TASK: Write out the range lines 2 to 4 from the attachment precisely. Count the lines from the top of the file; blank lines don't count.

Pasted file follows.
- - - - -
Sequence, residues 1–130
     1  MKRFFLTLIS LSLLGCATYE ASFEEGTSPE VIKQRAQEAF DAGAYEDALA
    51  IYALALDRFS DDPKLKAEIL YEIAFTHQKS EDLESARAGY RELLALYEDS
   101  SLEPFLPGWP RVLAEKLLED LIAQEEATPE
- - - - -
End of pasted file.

     1  MKRFFLTLIS LSLLGCATYE ASFEEGTSPE VIKQRAQEAF DAGAYEDALA
    51  IYALALDRFS DDPKLKAEIL YEIAFTHQKS EDLESARAGY RELLALYEDS
   101  SLEPFLPGWP RVLAEKLLED LIAQEEATPE